Aramco’s Wa’ed aims to double its support to startups by 2023

Sun, 2021-07-18 01:17

JEDDAH: Supporting Saudi entrepreneurs and small and medium-sized enterprises (SMEs) is a core goal of the Kingdom’s Vision 2030 program, with the government aiming to increase the contribution that SMEs make to the gross domestic product (GDP) to 35 percent by 2030, up from 20 percent in 2016.

One of the organizations helping to achieve this target is the Saudi Aramco Entrepreneurship Center (Wa’ed), which is a subsidiary of the world’s largest oil company.
Established in 2011, Wa’ed has so far helped around 90 companies with loans and venture capital investments. It aims to double that number by 2023, with around 20 deals forecast during 2021.
Last year, amid the pandemic, Wa’ed tripled the amount of money loaned to startups in the Kingdom as part of its bid to support the SME sector. But Wassim Basrawi, Wa’ed’s managing director, said he wanted to do even better.
“We were given the privilege to support entrepreneurship in the Kingdom, and when you most need entrepreneurship is in times of necessity when jobs and opportunities are scarce,” he told Arab News. “Our stakeholders and decision-makers increased the targets. They said whatever we did in 2020 is not enough.”
Wa’ed regularly invests in companies which identify a gap in the local market. Some of its recent investments have included funding for a digital mapping startup, a sports and fitness app, a language software platform for teachers of students with disabilities, a farming technology company, an AI-powered traffic management system, and a drone operator. Basrawi said his preference was for business ideas that had the potential to scale up. “The bigger the gap, the greater the impact,” he added.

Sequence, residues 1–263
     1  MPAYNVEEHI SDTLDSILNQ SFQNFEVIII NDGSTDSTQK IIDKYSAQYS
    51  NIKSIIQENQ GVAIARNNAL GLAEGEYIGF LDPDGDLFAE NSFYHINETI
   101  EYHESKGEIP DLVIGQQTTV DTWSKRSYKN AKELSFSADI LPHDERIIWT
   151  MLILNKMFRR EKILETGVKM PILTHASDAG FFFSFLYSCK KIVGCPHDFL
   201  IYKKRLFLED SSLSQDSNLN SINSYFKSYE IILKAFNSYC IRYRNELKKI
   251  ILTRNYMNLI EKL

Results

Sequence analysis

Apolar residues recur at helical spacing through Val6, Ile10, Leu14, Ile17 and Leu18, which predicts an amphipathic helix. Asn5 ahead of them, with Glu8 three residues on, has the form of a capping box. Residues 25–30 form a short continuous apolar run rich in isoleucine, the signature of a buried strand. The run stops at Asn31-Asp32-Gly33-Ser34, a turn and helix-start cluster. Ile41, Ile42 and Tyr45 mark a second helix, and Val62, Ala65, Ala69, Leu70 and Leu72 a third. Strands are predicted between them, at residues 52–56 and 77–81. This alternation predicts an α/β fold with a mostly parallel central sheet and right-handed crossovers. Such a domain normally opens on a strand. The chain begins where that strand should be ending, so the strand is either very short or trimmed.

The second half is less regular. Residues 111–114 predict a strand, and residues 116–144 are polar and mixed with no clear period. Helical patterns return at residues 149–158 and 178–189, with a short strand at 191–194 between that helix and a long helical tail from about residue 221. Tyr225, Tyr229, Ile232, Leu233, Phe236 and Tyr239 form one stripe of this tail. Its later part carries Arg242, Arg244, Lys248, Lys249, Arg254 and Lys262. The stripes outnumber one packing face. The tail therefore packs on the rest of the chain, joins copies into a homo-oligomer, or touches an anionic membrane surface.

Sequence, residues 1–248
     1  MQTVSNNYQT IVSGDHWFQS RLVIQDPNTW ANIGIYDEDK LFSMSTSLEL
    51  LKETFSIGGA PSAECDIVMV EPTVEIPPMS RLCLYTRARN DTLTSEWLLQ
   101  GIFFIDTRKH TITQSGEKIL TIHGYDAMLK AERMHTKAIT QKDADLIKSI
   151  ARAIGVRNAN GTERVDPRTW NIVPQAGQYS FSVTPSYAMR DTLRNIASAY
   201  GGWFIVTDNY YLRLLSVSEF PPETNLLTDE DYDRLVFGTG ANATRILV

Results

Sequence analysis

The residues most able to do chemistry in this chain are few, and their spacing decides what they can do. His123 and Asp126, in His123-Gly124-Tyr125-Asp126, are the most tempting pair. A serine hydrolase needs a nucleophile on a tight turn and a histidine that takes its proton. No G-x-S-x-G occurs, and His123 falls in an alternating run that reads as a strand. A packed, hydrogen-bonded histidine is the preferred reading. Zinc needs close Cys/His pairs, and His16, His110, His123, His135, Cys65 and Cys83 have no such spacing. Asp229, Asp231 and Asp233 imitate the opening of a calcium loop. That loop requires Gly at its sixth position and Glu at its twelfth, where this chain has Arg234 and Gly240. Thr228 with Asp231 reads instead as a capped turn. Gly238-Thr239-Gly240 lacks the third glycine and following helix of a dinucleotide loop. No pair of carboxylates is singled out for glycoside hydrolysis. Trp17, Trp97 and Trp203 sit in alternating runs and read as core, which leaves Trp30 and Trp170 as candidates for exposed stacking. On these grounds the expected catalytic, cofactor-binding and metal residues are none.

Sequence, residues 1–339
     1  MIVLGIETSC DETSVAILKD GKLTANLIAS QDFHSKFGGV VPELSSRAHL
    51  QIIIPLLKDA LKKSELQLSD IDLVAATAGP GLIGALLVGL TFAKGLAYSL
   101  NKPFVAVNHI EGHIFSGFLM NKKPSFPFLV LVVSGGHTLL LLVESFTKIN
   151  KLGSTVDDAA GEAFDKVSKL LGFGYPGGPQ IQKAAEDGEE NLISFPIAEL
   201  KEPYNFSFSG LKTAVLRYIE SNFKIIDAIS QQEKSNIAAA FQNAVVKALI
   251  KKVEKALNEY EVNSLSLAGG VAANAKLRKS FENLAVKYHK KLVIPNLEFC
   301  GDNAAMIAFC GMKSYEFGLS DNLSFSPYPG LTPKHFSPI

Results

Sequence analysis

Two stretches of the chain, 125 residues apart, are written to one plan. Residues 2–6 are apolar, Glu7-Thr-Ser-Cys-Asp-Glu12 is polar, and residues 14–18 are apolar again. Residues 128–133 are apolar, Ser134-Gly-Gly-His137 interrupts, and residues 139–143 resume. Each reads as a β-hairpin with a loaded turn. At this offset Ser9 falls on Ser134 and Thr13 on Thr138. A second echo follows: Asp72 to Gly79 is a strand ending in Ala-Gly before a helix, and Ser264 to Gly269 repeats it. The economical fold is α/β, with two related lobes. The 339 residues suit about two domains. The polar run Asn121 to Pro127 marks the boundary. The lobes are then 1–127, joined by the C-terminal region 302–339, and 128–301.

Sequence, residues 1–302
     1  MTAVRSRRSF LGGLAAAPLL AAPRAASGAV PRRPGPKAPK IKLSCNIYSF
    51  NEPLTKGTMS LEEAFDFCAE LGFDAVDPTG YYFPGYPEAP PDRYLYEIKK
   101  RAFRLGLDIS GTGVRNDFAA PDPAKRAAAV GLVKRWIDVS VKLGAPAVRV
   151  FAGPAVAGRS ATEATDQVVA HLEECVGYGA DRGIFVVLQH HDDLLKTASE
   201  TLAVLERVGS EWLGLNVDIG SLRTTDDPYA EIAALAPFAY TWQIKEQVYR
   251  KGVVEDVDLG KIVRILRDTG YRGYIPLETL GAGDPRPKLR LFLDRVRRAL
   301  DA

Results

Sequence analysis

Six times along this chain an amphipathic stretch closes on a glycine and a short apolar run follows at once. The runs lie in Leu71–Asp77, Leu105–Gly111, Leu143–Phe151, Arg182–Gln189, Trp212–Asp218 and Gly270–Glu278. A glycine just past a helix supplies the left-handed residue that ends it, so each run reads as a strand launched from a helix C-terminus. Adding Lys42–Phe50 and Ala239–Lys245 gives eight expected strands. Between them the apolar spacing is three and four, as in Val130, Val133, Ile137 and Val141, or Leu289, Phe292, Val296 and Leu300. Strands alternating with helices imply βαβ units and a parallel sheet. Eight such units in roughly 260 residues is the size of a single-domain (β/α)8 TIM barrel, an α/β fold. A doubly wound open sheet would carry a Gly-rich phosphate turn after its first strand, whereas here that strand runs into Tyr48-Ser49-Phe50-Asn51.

He said they had seen a high success rate among the companies they had invested in, currently around 83 percent, and that Wa’ed aimed to maintain this rate going forward.
The wider ecosystem has seen positive advances. According to this year’s Global Entrepreneurship Monitor report, total entrepreneurial activity in Saudi Arabia increased in 2020 by 24 percent compared to 2019.
It also showed that more than 90 percent of adults saw entrepreneurship as a favorable career choice, while a third of Saudis surveyed said they were keen on launching a business within the next three years.

“The entrepreneurship environment in Saudi Arabia is growing so fast to the point that you (have) got to hold on to your seat, it is growing exponentially,” Basrawi said. “I think what we are going to see next year is different from what we saw last year, it is so fast that it does not compare to the last 10 years, not even close.”
Wa’ed last month launched its first roadshow event to find and fund the next generation of Saudi entrepreneurs with up to SR100 million ($27 million), including loans and venture capital investments, to support game-changing ideas through a series of events in six Saudi cities from September to December.
“We are the only entity in the world that has a complete spectrum of services from the very beginning to the end, including the phases between before, during, and after investment support,” Basrawi said, adding that “by having the end-to-end service, you increase the likelihood of success.”
One of the challenges often cited by SMEs for their lack of success is funding. As part of Vision 2030, the government wants to increase the amount of funding that financial institutions allocate to SMEs to 20 percent by 2030, up from just 5 percent. Basrawi believed the advances in financial technology in the Kingdom had already begun to address this, with new sources and forms of funding.
“One of our incubated companies, not even ready for venture capital, got SR3 million equity investment through a crowd-funding source in the Kingdom. Technologies are making a huge difference for us in the Kingdom, to better our lives, (and) our income for our families.”
Saudi Arabia recorded a 35 percent year-on-year increase in the number of investment deals in the technology startup sector in 2020, while the value of deals soared 55 percent year-on-year to $152 million, according to a study in January by data research platform Magnitt.
Wa’ed is the Arabic word for promising, and Basrawi hoped the upcoming roadshow would entice young Saudis to embrace entrepreneurship.
“Entrepreneurs are going to make a difference.”

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Last year, Wa’ed tripled the amount of money loaned to startups in Saudi Arabia. (Supplied)
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